The other reason is risk. For obvious reasons, counterfeiters will always target the highest denomination they can produce a decent facsimile of. But all of the new polymer notes seem to be forgery-resilient (at least for now) - I've never been landed with even a fake £5 note (at least to my knowledge); previously I've been stung on several paper notes. And the £50 polymer seems to have gone to town on anti-forgery devices. I'd be surprised if it ever gets convincingly counterfeited.
Of course, inertia might be a problem - perhaps people are so primed to distrust or dislike £50 notes that they never will again, come what may.
Probably true. Many shops won't take them because of the risk of forgeries, and the shop carries the loss. Interesting though that the last time we got caught out was with a couple of fake Scottish £20s (old style). And I think we've had a fake new £10. I'm sure the ink isn't meant to wear off!
The decline in cash is very real - our community shop has seen cash decline from about 30% of turnover to around 10%, even though total turnover is still up compared to pre-covid. Even a coke and a packet of crisps is usually on card (or account). We've already pretty well stopped doing cashback as there's so little in the till.
And I think we've had a fake new £10. I'm sure the ink isn't meant to wear off!
We've seen a lot of fivers like that and had shops refuse them because 'fake'. The problem seems to be concentrated around any folds.
However, I was chatting to the local baker (yup, an actual baker) earlier this week in the context of his slightly dodgy card machine and whether I had enough change for Chelsea buns as well as pasties should the machine not work (and it is expensive for him - even in this very busy shop with three or four staff behind the counter to have two machines, so he has just the one) and he said he doesn't think it's neccessarily fake notes, he thinks that some alcohol-based hand sanitisers are causing the damage.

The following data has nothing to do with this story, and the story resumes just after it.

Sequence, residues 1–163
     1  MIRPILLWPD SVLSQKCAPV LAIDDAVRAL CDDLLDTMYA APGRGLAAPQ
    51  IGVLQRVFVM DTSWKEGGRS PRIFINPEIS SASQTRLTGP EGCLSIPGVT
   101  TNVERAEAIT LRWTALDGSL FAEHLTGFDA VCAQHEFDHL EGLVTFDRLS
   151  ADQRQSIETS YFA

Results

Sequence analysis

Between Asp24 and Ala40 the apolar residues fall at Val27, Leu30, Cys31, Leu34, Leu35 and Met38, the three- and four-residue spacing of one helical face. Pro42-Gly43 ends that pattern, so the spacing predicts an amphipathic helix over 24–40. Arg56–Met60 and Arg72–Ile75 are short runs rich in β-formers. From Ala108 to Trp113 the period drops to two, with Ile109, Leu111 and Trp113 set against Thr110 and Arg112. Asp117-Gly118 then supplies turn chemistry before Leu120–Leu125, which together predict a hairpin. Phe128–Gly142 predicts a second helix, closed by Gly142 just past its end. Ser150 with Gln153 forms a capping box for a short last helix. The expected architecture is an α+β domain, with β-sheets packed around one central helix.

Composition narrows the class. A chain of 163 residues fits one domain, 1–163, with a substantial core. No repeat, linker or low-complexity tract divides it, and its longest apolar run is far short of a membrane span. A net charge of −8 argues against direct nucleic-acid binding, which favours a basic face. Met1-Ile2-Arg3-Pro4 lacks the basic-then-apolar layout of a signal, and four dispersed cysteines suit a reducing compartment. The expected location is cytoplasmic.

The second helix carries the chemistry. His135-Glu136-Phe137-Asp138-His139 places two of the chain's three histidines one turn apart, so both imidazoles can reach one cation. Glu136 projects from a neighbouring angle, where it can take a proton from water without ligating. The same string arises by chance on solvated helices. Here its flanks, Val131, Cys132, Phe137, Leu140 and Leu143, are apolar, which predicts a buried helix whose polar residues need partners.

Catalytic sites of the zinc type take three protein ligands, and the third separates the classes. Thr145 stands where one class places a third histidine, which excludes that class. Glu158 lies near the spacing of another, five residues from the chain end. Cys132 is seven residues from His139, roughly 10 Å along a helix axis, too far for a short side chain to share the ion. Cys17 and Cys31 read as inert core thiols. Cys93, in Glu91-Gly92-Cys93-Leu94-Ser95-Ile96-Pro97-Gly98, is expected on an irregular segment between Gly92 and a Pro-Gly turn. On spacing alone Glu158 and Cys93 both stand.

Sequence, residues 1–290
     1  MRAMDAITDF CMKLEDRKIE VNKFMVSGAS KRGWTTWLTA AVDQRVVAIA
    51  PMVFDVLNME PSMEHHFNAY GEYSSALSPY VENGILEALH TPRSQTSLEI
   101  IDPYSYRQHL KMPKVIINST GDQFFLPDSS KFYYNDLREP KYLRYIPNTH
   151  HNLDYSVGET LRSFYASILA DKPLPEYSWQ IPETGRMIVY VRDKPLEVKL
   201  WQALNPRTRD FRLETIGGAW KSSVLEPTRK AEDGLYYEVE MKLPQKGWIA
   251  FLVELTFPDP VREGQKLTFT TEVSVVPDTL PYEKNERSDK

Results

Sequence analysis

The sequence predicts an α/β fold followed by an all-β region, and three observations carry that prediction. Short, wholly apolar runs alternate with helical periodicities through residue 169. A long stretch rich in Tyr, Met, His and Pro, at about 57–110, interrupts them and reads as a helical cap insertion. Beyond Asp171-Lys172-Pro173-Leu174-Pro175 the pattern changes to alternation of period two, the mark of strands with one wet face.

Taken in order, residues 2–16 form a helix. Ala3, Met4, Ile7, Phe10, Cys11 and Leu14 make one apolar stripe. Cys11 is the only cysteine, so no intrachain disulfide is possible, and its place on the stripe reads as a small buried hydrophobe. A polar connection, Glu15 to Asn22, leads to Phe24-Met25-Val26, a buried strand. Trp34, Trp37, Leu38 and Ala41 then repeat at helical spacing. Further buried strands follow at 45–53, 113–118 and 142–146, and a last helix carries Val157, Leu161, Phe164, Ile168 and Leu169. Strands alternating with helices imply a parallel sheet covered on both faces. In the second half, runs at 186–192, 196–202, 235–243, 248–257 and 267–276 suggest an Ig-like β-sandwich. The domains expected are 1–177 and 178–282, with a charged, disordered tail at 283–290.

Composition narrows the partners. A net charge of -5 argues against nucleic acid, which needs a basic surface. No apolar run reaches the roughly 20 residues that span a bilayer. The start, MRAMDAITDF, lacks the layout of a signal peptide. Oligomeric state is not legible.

I can't afford to sacrifice a couple of notes of each denomination to test the theory so I'll leave that to someone else :-)
We ran a pub pre Covid - card (and phone) was 5:1 vs cash even in a tiny country pub.
I would also suggest that the main reason shops and pubs are wary of forgeries with 50s is that they seem them so much less often that the staff are less switched on to the forgeries -- although there were some jolly good fake 20s going round, we saw enough of the real ones for it to become second nature to detect the forgeries.
Although somewhat tongue in cheek, for a long time I've said that if you want to forge a note, just make up your own: it saves the effort of trying to accurately reproduce an existing one. Hand it over and say 'oh, it's one of the new <inert denomination here> notes. Have you not seen one before?"
We've already got complaints from the usual morons that it "isn't diverse enough".
I've seen thousands of blustery anti-pc , anti jsw , daily mail types saying "Its PC gone MAD!" , cant say anything these days! bbc agenda! ticking the boxes!
railing against some percieved and often imagined attempt at equality .
.and yet its very very rare to hear from the "offended snowflakes"
people assume SJWs will be upset and start yelling about it when no one has in fact said anything.
Most of the "Cancel Culture" and PC movement is largely powered and gains its momentum by the apoplectic rage of its opponents, in a kind of self sustaining reaction
it is, but Ive only held one personally in cash in 30 years,and I wouldnt even know what the current one is supposed to look like without looking it up online. I havent even held any notes or used a cash machine for over a year now, so it seems abit meaningless all told
£50 notes the currency of corrupt elites, of crime of all sorts and of tax evasion